Casino or Computer

Cryptocurrency regulation has, so far, focussed on been on the mitigating the risk to speculative investors. But there is a far more important innovation that is embeded into the architecture and design of modern crypto currency. This is what regulators should be looking to better understand.

This article was first published in The Mint. You can read the original at this link, or, if you prefer, listen to me read the article by clicking play below.

Last week, the price of Bitcoin reached a record high. Friends who just a few months ago were boasting about how cleverly they had exited before the crash were now bemoaning the fact that they no longer held crypto.

And then, before the week was out, it lost 7% of its peak value.

This volatility has characterised cryptocurrency trading since Bitcoin first appeared on the scene in 2009. Given its inherent scarcity—there will only ever be 21 million Bitcoins—the smallest shock drives up demand, causing severe price fluctuations. This is why most governments view Bitcoin as a commodity, a risky investment that gullible citizens need to be safeguarded against.

Casino or Computer

In his recent book, Read Write Own, Chris Dixon refers to this as “the casino” aspect of blockchain technology. It is this—the allure of making outsize profits on speculative investments in a scarce commodity—that is the single biggest driver of interest in blockchains today. As a result, this is the aspect of cryptocurrencies that governments are most interested in regulating.

But there is another, far more interesting side to crypto, one that few outside the blockchain world understand. This is what Dixon calls the ‘computer,’ and it is here, he argues, that the real value of blockchain technology lies.

So, what is this ‘computer’ he is referring to? All computers are, he argues, nothing more than “state machines”—devices that store information and can make changes to the ‘state’ of that information. The computers we know and most commonly use are physical devices—laptops, desktops, mobile phones—on which we store information, and, by using various programmes and applications, manipulate that information to generate outcomes. But we also use various forms of virtual computers: state machines that exist solely in software. The best example of this are modern web applications that allow us to both store data and perform complex computations on that data without ever leaving the browser.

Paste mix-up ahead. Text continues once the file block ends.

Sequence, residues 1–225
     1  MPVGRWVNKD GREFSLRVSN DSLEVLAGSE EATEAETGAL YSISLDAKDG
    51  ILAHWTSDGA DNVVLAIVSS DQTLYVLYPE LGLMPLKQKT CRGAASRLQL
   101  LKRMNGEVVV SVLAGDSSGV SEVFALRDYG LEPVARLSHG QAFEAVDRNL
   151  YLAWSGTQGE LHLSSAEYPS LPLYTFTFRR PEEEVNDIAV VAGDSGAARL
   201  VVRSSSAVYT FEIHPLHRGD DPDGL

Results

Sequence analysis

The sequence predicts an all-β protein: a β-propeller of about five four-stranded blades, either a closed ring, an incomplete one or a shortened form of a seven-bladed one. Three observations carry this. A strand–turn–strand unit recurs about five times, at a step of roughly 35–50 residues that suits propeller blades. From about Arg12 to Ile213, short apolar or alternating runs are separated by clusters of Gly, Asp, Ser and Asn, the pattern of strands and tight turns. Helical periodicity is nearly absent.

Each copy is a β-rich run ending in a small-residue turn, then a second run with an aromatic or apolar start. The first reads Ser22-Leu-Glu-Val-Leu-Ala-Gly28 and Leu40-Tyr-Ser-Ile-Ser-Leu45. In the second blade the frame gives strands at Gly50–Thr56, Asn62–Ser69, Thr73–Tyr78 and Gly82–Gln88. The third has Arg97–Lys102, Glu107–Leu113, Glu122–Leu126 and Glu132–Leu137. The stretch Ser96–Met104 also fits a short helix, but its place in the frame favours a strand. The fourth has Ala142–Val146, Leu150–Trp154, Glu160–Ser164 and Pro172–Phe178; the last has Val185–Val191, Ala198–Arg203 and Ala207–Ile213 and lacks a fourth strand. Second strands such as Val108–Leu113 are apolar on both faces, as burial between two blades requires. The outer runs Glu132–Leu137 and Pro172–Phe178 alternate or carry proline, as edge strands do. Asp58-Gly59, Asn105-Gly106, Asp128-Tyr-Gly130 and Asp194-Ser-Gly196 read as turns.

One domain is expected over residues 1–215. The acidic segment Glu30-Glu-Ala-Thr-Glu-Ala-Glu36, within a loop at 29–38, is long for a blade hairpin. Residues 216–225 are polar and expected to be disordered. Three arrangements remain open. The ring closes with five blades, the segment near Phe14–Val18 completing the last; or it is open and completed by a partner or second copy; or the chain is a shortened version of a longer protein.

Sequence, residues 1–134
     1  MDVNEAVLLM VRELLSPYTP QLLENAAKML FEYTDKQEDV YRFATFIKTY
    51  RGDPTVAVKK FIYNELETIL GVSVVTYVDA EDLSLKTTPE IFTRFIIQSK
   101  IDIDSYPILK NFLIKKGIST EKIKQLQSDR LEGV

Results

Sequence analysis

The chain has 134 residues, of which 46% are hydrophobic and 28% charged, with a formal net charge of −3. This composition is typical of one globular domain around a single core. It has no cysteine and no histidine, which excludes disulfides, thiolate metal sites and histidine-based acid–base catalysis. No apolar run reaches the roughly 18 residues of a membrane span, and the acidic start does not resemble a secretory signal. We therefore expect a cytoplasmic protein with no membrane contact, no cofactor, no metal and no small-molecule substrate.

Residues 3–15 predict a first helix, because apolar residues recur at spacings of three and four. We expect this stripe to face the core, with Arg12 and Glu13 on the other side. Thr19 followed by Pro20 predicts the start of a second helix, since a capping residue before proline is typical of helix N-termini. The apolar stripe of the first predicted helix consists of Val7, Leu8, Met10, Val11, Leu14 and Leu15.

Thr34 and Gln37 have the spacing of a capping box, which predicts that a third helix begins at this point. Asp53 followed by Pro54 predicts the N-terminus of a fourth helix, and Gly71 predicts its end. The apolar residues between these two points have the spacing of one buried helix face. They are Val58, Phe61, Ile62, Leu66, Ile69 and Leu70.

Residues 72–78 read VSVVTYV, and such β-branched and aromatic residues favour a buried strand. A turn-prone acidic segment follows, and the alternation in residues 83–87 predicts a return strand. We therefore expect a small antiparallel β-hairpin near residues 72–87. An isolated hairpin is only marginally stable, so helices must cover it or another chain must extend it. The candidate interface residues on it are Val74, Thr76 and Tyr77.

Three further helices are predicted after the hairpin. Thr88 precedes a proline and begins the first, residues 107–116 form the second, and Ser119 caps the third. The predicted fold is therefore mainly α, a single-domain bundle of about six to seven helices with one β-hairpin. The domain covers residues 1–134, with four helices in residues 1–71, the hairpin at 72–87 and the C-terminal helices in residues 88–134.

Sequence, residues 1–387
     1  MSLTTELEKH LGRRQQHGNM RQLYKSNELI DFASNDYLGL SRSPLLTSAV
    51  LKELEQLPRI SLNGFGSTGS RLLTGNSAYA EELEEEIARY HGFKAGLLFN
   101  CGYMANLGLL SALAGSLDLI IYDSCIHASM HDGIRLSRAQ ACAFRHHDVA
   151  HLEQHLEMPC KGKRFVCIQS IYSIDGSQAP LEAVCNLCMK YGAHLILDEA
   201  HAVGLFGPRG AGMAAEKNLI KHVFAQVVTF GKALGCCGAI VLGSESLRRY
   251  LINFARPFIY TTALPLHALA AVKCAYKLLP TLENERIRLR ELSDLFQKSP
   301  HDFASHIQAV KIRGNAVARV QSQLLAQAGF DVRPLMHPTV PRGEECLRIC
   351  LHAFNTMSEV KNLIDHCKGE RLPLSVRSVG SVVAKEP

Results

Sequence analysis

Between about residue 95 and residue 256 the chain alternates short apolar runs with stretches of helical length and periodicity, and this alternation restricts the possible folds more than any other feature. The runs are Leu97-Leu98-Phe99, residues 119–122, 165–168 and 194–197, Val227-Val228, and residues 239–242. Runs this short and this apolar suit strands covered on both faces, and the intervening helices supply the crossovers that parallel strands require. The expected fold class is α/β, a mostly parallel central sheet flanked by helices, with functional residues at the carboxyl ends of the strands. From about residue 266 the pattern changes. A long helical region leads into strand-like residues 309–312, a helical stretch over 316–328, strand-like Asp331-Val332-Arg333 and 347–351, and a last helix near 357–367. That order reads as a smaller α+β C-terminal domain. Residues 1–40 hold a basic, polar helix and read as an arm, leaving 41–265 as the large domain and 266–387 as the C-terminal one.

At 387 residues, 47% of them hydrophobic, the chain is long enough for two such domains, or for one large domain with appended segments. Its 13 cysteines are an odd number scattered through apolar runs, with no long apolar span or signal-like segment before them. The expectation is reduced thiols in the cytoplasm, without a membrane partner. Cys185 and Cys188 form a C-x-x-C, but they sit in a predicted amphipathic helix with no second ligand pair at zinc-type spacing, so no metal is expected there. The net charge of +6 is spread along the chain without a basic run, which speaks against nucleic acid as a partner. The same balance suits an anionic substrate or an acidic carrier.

A blockchain is another form of a virtual computer—one that runs in a decentralized fashion across a globally distributed network of computers. Bitcoin, the earliest version of the blockchain, was a virtual computer that could only perform a few simple tasks, such as make state changes to a decentralised ledger so that when one user paid another, the amount of cryptocurrency in the payer’s account was reliably reduced by the exact amount that the recipient’s was increased by. However, with blockchains like Ethereum, it became possible for these globally networked virtual computers to do much, much more.